The clinical silo. For clinical staff, patient care is paramount, aiming to deliver compassionate, high quality care to their patients. Their desire to constantly deliver better care and improve patient outcomes has driven tremendous improvements in healthcare delivery.

In 2010, the New York State Department of Health (NYSDOH) reported a 15-percent decrease in surgical site infections for the period from 2007-103(p. 4) and a 37 percent reduction in ICU central line infections.3(p.9) In addition, to deliver better care and improved outcomes for the patient, these advances are estimated to have saved between $15.2 million to $52.5 million dollars in healthcare costs.3(p. 89)

Often clinicians are viewed by other stakeholder groups as being resistant to change and unconcerned with costs, but the NYSDOH report offers evidence to the contrary. In their quest to deliver quality patient care they will embrace changes in equipment, technology and processes that they believe will lead to improved patient care. Likewise, clinicians will resist changes they believe are a distraction or interfere with patient care.

The Administrative Silo

Healthcare administrators are charged with managing the business of healthcare. This is often an unpopular task because staff prefer to identify with the noble purpose of healing the sick and saving lives, but the reality is healthcare is a business. National Health Expenditures (NHE) are rising at a dramatic rate and healthcare administrators are under increasing pressure to bring down cost. According to a 2008 CMS report, the per capita NHE rose from $5,967 in 2003 to $7,421 in 2007, and is projected to reach $13,100 by 2018.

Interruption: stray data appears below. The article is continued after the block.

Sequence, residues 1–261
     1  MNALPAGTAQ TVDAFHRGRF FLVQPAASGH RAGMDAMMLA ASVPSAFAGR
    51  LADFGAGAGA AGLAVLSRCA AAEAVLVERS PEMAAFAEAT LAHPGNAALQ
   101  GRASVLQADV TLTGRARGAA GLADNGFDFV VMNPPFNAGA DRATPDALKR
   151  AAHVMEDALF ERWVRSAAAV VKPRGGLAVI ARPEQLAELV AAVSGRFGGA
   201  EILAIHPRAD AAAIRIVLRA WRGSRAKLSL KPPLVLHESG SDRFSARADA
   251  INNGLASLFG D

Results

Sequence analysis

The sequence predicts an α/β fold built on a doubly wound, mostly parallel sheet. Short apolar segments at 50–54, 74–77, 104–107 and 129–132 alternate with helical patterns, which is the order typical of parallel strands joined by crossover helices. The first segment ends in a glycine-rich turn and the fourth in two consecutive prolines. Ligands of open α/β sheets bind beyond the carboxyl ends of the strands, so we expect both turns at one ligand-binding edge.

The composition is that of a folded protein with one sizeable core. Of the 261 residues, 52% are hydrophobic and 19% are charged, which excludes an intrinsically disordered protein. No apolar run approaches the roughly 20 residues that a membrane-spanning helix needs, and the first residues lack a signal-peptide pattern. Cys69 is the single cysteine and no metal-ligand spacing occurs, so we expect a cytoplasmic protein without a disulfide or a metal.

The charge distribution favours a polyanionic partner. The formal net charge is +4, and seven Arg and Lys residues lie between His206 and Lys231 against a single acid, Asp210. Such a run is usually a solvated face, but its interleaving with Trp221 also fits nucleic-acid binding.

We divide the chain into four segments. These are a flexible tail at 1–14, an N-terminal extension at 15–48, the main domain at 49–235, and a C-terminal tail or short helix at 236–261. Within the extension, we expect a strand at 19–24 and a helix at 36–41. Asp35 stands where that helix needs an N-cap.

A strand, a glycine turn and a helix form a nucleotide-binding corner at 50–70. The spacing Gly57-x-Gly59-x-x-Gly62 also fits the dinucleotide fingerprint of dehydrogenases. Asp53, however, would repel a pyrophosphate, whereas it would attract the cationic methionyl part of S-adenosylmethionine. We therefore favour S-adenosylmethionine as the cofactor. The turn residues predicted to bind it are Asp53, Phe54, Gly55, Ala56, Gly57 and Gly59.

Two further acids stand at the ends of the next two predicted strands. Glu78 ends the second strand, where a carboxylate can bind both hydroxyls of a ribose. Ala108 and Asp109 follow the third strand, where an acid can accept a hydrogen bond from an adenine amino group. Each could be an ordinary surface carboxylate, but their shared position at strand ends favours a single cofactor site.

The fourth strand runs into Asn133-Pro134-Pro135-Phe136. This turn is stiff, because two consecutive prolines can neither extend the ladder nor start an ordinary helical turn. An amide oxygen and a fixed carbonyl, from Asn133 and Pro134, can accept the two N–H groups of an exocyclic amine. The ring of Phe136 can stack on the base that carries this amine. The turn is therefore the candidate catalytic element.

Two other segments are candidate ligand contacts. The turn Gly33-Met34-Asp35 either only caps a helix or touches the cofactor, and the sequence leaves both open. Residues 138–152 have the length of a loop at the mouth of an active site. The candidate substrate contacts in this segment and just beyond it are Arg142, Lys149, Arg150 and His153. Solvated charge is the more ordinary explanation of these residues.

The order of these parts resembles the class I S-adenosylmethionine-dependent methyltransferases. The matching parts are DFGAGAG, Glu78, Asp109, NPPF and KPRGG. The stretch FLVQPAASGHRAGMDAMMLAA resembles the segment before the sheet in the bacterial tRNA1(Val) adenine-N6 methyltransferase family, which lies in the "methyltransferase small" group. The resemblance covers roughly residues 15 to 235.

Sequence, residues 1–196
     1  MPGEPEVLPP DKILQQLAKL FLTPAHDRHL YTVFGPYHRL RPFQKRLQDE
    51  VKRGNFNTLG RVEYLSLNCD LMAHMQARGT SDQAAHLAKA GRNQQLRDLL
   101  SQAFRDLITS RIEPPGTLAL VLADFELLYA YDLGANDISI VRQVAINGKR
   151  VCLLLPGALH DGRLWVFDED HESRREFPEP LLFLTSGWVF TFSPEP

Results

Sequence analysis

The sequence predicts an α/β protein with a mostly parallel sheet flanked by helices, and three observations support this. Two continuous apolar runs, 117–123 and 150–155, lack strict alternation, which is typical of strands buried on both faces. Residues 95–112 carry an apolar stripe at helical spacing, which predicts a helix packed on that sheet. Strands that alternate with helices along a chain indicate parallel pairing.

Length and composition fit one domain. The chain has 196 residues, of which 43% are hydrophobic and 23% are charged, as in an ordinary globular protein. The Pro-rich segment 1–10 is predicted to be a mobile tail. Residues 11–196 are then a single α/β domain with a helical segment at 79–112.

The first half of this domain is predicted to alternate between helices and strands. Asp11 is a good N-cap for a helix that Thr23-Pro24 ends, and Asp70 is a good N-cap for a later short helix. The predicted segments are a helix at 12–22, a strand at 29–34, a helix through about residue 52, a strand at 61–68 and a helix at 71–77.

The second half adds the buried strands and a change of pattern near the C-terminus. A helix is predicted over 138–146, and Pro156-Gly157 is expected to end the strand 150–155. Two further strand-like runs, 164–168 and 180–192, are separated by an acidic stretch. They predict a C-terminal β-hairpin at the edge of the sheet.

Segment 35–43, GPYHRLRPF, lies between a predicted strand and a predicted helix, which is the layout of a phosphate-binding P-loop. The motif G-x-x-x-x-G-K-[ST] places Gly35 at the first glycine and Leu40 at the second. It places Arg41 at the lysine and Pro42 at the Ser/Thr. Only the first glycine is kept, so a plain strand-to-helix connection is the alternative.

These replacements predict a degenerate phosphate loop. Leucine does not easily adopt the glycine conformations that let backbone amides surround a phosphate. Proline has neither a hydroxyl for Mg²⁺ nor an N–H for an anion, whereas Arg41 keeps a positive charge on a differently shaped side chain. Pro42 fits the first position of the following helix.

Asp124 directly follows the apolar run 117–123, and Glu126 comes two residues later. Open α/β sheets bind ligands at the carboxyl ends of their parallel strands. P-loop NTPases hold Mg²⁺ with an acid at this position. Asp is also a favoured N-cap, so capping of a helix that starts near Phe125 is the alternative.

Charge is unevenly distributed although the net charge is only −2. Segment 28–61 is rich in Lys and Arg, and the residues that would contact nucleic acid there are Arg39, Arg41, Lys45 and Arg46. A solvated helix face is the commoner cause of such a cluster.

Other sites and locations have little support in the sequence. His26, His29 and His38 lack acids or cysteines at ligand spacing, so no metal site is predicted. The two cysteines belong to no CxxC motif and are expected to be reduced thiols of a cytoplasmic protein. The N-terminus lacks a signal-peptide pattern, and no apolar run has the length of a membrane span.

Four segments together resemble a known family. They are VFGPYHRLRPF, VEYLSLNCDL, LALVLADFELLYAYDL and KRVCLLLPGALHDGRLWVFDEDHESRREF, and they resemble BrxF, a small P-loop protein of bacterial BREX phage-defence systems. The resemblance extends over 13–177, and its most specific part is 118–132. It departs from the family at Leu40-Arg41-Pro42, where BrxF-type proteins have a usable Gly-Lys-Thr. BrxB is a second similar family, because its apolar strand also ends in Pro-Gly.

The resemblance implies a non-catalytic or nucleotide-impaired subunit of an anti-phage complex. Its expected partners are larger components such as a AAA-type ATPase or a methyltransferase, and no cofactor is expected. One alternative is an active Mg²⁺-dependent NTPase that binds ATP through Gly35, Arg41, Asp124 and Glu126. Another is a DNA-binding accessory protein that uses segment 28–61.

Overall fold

Hospital administrators are often perceived as solely concerned with profitability at the expense of patient care. The reality, however, is that administrators are facing rising labor, technology and other costs often while being squeezed by declining profits. Administrators are interested in promoting healthcare quality and leveraging technology to achieve a competitive advantage, but must keep the organization profitable. A December 2010 report showed that while overall hospital profit margins were positive, 38 percent of all hospitals were operating with a negative profit margin.7

The Information Technology Silo

The information technology silo is an area that is growing increasingly important. With the onset of electronic medical records (EMR) and health information exchanges (HIE), information technology has transitioned from a tool to facilitate business functions to playing a critical role in how healthcare is delivered. The changing role of IT in healthcare is central to the future success of all healthcare organizations. A report by the Technology Informatics Guiding Education Reform (TIGER) Initiative noted: “Information technology should provide evidence-based, patient-centric technology that allows interdisciplinary collaboration at the point-of-care.”6(p 23)